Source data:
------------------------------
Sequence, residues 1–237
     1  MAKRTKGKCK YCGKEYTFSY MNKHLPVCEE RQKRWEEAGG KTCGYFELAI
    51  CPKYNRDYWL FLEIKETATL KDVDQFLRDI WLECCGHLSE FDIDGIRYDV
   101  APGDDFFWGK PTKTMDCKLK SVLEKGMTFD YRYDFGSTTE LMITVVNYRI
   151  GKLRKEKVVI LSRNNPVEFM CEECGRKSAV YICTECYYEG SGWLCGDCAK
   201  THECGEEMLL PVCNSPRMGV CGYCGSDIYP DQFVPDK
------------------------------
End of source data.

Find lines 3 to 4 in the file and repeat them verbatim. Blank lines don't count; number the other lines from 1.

    51  CPKYNRDYWL FLEIKETATL KDVDQFLRDI WLECCGHLSE FDIDGIRYDV
   101  APGDDFFWGK PTKTMDCKLK SVLEKGMTFD YRYDFGSTTE LMITVVNYRI